Station owner Howard Stirks Holdings has settled its retrans dispute with AT&T and replaced its negotiating agent. The stations at issue, WEYI Flint-Saginaw, Mich., and WWMB Myrtle Beach-Florence, S.C., had been off DirecTV since June.
The FCC today ordered nine TV station groups linked to Sinclair Broadcast Group to return to the negotiating table with AT&T’s DirectTV after some consumers have been without access to 20 stations for five months.
The company has said HBO Max will become the “workhorse” for its video business as cord-cutting of traditional TV expands. It hopes to migrate people who pay for HBO in different ways today to the new platform. The service grew out of AT&T’s $81 billion purchase of Time Warner, which AT&T overhauled and rechristened WarnerMedia.
The company is looking for assets it can sell off to pay down its Time Warner acquisition, while CEO Randall Stephenson will stay on through 2020.
Notices are going out this week telling about 1.3 million customers of AT&T Inc. that prices are rising as much as 30% starting next month. Subscribers who were paying $50 a month for the “Plus” package will see prices climb to $65, while those paying $70 for the 65-channel “Max” package will be charged $80 a month. It’s the second price hike this year and highlights what has been AT&T’s top priority — to widen margins and reduce a debt load that ballooned to as much as $195 billion after the acquisitions of DirecTV and TimeWarner.
The new carriage contract covers Sinclairs O&Os plus the Tennis Channel, Marquee Sports Network, 21 regional sports networks and the YES Network.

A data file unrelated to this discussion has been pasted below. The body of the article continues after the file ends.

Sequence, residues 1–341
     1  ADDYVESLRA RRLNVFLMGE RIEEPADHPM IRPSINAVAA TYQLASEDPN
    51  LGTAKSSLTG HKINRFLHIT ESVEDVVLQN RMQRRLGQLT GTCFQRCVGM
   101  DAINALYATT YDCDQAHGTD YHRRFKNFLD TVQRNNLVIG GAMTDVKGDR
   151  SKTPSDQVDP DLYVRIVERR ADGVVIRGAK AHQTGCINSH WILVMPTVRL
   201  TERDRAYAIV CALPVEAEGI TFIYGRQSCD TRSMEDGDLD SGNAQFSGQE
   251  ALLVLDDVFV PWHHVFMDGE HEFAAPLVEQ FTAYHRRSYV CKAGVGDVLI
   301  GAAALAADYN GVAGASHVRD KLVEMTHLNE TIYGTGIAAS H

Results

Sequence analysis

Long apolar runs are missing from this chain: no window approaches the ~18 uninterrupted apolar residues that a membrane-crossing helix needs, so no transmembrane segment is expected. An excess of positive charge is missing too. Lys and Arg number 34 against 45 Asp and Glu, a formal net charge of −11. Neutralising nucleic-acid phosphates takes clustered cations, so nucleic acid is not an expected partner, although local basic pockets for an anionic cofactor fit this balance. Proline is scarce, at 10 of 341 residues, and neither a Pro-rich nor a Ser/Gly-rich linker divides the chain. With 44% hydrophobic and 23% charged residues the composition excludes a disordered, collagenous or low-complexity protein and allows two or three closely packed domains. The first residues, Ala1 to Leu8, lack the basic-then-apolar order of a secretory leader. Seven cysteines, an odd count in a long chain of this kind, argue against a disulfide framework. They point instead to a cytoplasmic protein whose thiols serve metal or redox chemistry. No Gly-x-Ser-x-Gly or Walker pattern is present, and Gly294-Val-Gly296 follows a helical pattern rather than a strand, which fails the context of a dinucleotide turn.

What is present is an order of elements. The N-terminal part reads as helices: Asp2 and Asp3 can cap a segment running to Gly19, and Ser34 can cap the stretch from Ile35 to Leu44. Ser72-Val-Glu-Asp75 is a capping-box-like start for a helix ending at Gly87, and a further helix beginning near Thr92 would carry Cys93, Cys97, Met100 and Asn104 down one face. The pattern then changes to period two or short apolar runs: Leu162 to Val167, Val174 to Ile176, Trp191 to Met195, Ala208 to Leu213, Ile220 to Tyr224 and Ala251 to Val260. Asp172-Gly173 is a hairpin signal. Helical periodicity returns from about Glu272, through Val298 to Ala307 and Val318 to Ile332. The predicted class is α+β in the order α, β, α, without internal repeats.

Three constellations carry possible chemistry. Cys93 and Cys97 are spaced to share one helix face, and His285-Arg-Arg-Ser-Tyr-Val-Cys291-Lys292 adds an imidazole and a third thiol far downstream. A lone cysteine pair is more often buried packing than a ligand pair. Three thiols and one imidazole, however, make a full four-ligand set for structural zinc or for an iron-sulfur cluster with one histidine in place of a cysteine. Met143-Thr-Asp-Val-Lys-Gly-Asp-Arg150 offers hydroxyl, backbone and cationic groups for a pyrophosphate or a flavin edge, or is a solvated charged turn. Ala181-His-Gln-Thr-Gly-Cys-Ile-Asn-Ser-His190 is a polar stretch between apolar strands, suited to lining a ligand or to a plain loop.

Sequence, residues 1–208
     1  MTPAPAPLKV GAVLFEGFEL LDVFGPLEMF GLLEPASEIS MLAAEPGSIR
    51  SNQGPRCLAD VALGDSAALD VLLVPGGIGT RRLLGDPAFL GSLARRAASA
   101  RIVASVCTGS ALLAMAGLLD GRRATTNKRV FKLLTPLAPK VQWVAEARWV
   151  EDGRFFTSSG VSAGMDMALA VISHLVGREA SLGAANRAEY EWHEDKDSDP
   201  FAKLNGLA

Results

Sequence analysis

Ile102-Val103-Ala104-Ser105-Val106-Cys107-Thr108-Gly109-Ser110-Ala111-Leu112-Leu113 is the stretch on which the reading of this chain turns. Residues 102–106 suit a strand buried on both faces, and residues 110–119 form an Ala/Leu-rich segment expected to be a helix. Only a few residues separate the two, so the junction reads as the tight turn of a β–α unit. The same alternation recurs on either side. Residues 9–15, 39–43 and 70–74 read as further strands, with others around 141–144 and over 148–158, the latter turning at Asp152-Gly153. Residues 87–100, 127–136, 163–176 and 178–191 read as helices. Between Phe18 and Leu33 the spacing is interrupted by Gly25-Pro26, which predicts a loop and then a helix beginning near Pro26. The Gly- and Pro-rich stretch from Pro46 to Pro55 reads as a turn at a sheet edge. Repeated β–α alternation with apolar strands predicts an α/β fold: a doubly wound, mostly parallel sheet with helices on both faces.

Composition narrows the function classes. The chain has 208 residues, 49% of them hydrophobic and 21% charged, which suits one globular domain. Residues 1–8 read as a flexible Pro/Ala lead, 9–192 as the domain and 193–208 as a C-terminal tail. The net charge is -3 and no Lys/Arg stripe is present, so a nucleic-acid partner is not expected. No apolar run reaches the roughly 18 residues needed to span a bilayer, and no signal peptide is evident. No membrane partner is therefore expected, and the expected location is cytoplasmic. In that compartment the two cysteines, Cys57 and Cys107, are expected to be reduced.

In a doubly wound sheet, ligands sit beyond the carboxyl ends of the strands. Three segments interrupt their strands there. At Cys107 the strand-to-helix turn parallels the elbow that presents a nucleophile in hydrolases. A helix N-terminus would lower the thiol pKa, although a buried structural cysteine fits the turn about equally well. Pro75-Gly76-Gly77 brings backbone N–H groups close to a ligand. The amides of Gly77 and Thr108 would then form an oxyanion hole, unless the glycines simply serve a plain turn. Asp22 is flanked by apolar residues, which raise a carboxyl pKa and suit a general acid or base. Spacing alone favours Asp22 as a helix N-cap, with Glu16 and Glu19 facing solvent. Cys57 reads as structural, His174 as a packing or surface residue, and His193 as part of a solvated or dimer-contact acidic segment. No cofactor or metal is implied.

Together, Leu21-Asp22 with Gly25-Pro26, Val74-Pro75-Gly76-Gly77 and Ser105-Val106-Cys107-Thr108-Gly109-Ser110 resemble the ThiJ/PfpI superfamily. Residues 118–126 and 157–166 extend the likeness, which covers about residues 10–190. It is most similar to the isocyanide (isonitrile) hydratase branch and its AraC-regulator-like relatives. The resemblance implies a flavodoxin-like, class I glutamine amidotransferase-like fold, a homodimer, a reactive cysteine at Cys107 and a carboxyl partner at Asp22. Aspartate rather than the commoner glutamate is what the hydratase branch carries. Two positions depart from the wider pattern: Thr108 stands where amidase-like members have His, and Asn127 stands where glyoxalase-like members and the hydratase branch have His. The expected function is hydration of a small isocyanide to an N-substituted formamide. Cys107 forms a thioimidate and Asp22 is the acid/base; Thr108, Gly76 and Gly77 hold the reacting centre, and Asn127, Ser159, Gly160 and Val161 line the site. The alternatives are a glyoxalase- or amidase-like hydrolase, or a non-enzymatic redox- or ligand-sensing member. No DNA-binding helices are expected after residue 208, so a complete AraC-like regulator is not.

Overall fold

AT&T and Northwest Broadcasting say they’ve ended their nearly eight-month old carriage fight, which means 20 Northwest-owned stations in 10 markets can now return to the AT&T-owned DirecTV, U-verse and AT&T TV Now.
Sinclair stations remained on AT&T’s U-Verse and DirecTV distribution platforms past the 5 p.m. Friday, Sept. 27, deadline. A source said Sinclair, which ultimately controls the signals, had provided the extension. It was not clear for how long.
As a blackout looms with the current retransmission consent impasse between Sinclair and AT&T — Sinclair is warning DirecTV and U-Verse customers the stations (136 stations in 86 markets) could be off those AT&T-owned MVPDs by Sept. 27 — AT&T is framing the impasse for legislators concerned about their constituent/viewers as a still-ongoing negotiation with AT&T, not surprisingly, “on the side of the customer.”
The Wall Street Journal is reporting that AT&T COO John Stankey, in defending the company’s strategy in the media business, says it doesn’t plan to sell its DirecTV unit, viewing the satellite TV provider as central to its ambitions in streaming video. “DirecTV is an important part of what we’re going to be doing going forward.” Last week, the Journal reported that AT&T was looking to unload the unit in the face of declining subscribership.